EIC Transition Grant ACHILLEUS

Colorectal cancer (CRC) is one of the most frequent cancers with a high burden on society. In Europe alone, more than 340,000 people are diagnosed with colorectal cancer each year. While treatment options of CRC have expanded over the last decades, the survival rates of patients suffering from advanced-stage cancers remain poor. Stemness of neoplastic cells has been proposed as a major factor in treatment resistance and high relapse rates, however, drugs targeting stem cell signaling pathways in cancer are still lacking today. In the ACHILLEUS project we aim at developing and validating a new drug discovery platform based on patient-derived organoids (PDOs) and machine learning-assisted phenotypic target validation and drug discovery. Using this platform, we have previously shown that we can identify a broad spectrum of phenotypes beyond lethality, including drug-induced changes in stemness of PDOs. As part of the EIC Open Transition project, we will validate our next-generation platform for identifying therapeutics to target stem cell signaling pathways in CRC. Based on results by us showing that an interaction of MEK and Wnt signaling shifts the balance between stemness and differentiated cells, we will target Wnt pathways as a demonstrator for the technology. The ACHILLEUS project targets critical vulnerabilities in cancer and is based on technologies and approaches developed during previous ERC Advanced and ERC Proof-of-Concept grant-funded projects.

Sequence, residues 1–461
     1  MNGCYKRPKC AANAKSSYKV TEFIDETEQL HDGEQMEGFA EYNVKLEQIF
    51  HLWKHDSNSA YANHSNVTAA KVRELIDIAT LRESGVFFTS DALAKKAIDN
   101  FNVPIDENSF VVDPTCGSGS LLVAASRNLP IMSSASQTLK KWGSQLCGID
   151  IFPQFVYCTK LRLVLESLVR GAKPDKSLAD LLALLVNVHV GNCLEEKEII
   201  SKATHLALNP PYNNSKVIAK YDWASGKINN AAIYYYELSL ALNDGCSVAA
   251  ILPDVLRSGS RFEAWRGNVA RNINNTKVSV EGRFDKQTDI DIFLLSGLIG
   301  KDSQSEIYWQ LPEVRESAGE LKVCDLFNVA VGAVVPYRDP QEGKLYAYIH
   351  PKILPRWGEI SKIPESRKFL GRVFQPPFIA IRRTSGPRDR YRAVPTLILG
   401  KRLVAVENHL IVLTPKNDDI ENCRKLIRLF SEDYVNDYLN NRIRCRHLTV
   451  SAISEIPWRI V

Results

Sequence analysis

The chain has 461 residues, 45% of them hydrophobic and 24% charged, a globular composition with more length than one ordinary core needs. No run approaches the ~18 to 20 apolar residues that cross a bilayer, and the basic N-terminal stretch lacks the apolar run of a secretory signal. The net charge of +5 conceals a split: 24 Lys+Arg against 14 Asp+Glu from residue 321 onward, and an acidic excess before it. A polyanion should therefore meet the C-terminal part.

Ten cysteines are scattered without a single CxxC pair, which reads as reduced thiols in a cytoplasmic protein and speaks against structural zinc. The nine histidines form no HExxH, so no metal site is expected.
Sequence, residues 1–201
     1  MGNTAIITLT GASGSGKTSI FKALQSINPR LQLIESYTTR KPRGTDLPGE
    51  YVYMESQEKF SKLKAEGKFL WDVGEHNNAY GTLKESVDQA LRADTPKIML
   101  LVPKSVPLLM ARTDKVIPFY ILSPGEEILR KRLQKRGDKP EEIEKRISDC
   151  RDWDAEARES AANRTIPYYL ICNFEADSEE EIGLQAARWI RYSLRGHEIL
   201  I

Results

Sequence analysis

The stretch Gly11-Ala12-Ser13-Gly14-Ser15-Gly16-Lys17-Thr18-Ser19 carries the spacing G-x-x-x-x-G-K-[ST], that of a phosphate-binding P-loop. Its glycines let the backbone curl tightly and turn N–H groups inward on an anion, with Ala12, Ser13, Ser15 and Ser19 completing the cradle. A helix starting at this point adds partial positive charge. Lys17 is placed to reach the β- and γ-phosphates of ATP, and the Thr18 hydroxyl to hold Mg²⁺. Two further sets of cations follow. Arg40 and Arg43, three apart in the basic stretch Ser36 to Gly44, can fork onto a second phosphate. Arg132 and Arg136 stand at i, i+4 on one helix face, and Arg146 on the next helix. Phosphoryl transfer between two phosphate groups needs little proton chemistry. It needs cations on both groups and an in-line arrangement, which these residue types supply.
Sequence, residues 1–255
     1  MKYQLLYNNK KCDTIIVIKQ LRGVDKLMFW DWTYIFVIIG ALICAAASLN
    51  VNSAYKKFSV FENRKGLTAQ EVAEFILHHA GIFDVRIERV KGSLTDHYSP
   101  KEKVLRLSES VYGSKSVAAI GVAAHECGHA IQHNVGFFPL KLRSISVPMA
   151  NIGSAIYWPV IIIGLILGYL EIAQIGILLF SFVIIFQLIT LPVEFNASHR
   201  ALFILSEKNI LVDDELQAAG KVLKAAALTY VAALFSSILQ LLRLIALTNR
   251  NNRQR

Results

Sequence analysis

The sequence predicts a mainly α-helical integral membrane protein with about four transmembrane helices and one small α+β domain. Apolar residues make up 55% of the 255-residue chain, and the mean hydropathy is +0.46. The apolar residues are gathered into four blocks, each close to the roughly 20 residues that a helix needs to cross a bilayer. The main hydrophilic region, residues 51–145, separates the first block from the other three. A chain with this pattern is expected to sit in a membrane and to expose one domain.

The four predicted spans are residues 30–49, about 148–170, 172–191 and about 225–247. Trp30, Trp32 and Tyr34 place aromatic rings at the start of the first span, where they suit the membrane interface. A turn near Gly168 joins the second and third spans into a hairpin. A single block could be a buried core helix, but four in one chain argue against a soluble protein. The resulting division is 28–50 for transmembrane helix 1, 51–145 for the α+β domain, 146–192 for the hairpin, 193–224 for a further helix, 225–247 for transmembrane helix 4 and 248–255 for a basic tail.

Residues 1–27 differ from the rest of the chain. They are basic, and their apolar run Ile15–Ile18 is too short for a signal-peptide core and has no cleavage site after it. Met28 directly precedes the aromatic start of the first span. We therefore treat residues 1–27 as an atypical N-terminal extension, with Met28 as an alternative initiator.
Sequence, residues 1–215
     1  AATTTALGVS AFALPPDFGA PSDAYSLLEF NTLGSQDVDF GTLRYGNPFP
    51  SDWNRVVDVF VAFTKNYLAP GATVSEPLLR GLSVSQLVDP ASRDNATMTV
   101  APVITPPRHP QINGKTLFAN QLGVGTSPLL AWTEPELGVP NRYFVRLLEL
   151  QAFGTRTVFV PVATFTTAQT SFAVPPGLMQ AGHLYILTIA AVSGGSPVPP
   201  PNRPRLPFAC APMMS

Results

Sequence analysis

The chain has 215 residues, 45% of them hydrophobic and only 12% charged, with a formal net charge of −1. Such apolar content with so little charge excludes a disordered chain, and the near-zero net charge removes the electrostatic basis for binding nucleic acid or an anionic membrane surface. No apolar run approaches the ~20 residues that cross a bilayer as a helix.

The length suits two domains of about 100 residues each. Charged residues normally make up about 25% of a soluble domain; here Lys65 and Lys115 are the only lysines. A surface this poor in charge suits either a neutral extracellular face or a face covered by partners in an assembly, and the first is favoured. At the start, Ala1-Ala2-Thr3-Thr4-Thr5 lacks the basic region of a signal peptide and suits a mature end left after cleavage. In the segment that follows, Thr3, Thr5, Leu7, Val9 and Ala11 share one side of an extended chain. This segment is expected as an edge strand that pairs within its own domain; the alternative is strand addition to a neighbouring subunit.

Former funding

ERC Advanced Grant on genetic interaction analysis

The genetics underlying phenotype-genotype relationships during development and disease is often complex with many genes contributing to a particular phenotypic outcome. While forward genetic screens have uncovered many mutations that are limiting at a particular stage or tissue, the majority of genes in most genomes remain genetically untouched. Recent studies in model organisms, in particular in yeast, have provided evidence for the existence of pervasive genetic interactions with large effects on many phenotypes. Such genetic factors have been rather difficult to identify in classical loss-of-function screens due to buffering and other compensatory mechanisms, therefore requiring novel methodological approaches.

The creation of a synthetic genetic interaction map provides a ground-breaking and unprecedented resource to study genotype-to-phenotype relationships. Multiparametric imaging will allow us to map the epistasis of processes. We utilize the map to globally dissect the interaction between processes with a focus on signaling networks. Furthermore, we  follow-up on selected interactions by in-depth characterization. Synthetic genetic interactions will be further analyzed in vivo in tissues and in human cells.

As part of the ERC project, we are in the process of creating a systematic synthetic genetic interaction map of a metazoan cell. Based on methods that we pioneered, we quantitatively measure genetic interactions using image-based phenotyping between genes. Phenotyping will be performed by multiparametric imaging and pathway-focused reporters. A particular interest is on context-dependent changes in genetic interaction networks and chemico-genetic interactions.